The explosion of digital content and the heterogeneity of enterprise content sources have pushed existing data integration solutions to their boundaries. An alternative solution is to use the Resource Description Framework (RDF) together with the existing web infrastructure, commonly known as the Linked Data Web (LDW), as a means to integrate both public and private data. With the advent of SPARQL 1.1, it is possible not only to execute queries over the LDW, but also to use the SPARQL query language to maintain distributed graph data. However, such a decentralised architecture brings with it a number of additional challenges with respect to both data security and integrity. In this thesis, we focus on the problem of access control for the LDW. We are particularly interested in lifting both the data and the access control policies from existing line of business applications and enforcing and maintaining access control over linked data, irrespective of how it is published. We start by proposing a lifting strategy, which can be used to extract both data and access control policies from relational databases. The access permissions are represented using an extension of the RDF model known as annotated RDF (aRDF), which allows contextual information to be associated with RDF data. By using aRDF domain operations it is possible to combine different annotations for the same triple and to infer new annotations based on RDF Schema (RDFS) inference rules. We demonstrate how the proposed modelling, together with a set of inference rules, can be used to provide support for commonly used access control models, such as Role-Based Access Control, Attribute Based Access Control and View Based Access Control. With regards to the enforcement and administration of access control over RDF, we focus specifically on Discretionary Access Control (DAC). Given DAC allows users to delegate their permissions to others, it is particularly suitable for managing access control over distributed data. Although a number of authors demonstrate how they can used Semantic Web technology to represent DAC policies, the authors do not examine DAC from a data model perspective. In order to fill this gap, we provide a summary of access control requirements for the RDF data model, based on the different characteristics of the RDF data model compared to relational and tree data models. In order to support access control policy specification at the triple, resource,graph and schema level, authorisations are specified using graph patterns. In addition, we demonstrate how our proposed flexible graph based authorisation framework, which we call GFAF, can be used to cater for the specification, administration and enforcement of DAC policies over linked data. Given the proposed access control framework enforces access control at the query layer, when access to the requested RDF data is partially restricted, it is necessary to rewrite the query so that it behaves in the same manner as a query executed over a filtered dataset. Therefore, we propose a query rewriting strategy for both the SPARQL 1.1 query and update languages, thatcan be used to partially restrict access to unauthorised data. In addition, we demonstrate how a set of criteria, which was originally used to verify relational access control policies, can be adapted to ensure the correctness of access control over RDF via query rewriting.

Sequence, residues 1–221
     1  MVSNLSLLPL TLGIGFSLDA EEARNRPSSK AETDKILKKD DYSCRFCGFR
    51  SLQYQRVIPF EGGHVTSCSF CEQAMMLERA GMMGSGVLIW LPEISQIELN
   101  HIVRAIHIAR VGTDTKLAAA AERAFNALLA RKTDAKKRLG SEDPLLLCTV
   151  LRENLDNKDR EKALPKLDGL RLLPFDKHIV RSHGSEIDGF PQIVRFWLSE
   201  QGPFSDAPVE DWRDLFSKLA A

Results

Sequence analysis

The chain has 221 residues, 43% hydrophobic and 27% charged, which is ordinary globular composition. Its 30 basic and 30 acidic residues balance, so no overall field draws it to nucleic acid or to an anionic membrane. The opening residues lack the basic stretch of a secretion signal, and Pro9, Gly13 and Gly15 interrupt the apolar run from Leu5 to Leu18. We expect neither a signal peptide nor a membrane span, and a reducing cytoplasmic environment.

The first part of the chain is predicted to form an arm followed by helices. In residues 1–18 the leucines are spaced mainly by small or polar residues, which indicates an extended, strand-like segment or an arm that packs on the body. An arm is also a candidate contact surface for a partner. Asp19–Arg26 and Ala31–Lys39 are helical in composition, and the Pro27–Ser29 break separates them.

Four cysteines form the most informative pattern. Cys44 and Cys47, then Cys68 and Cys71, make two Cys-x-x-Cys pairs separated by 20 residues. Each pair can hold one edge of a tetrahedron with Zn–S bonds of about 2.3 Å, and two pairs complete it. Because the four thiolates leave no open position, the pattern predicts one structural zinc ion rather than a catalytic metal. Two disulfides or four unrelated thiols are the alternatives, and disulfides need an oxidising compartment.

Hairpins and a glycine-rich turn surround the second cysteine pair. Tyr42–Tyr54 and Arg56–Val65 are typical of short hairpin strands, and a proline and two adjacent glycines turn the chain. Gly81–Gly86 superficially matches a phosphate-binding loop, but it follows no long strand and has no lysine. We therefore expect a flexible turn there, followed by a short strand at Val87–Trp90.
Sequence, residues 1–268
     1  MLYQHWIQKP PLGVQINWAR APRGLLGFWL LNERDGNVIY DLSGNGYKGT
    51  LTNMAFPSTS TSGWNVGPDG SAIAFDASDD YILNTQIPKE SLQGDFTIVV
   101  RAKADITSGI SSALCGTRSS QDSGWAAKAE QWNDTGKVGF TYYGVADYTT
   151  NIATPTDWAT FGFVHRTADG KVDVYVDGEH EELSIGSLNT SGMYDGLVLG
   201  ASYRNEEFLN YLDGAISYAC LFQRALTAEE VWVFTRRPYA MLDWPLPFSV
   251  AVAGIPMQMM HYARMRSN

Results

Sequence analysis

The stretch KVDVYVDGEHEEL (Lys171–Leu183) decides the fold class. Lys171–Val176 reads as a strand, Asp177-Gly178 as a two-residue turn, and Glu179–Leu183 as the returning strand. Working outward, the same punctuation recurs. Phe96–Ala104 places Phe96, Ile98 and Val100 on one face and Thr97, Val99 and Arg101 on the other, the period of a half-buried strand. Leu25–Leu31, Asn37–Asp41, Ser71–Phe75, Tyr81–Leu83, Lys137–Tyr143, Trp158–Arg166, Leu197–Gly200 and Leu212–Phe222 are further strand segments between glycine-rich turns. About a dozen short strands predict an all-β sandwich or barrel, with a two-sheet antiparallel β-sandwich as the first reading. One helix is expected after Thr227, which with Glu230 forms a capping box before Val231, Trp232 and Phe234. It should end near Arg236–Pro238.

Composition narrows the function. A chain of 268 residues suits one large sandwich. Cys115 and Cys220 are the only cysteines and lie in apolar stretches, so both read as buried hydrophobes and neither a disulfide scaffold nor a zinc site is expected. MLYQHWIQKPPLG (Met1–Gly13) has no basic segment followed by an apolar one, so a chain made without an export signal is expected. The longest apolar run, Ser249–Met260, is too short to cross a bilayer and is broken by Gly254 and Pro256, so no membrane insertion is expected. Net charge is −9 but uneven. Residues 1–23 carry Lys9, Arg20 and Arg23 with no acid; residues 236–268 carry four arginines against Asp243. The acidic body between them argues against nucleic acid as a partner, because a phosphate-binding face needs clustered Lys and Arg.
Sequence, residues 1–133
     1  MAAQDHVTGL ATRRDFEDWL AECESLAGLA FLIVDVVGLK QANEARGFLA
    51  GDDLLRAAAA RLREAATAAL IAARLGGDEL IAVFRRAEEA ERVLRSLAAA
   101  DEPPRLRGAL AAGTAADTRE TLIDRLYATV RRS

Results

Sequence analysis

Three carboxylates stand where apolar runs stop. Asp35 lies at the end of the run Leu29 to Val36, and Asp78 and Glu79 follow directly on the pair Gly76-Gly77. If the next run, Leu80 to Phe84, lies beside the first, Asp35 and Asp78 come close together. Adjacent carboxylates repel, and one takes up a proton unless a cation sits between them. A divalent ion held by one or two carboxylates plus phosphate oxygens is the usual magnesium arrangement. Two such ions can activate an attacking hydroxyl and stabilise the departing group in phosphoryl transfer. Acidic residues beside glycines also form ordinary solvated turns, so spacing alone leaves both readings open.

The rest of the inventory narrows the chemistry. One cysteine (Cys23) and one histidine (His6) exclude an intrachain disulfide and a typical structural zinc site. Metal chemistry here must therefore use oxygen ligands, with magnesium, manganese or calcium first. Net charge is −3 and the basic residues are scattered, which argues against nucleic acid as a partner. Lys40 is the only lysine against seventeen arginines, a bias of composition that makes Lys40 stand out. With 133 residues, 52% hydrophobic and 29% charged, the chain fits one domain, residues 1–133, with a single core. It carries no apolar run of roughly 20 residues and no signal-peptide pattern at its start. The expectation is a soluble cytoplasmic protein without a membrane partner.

The three-year Nation, Gender and Genre project seeks to gain a broader and deeperunderstanding of a body of 19th and early 20th-century literature from Britain and Ire-land by utilising social network analysis and other digital humanities methodologies.This presentation aims to briey describe the project's goals and methodological de-velopment, and will further indicate how cultural literacy concepts have informed anddriven the project's development, as well as discussing some early-stage results.Henry James's characterisation of Victorian novels as large loose baggy monsters.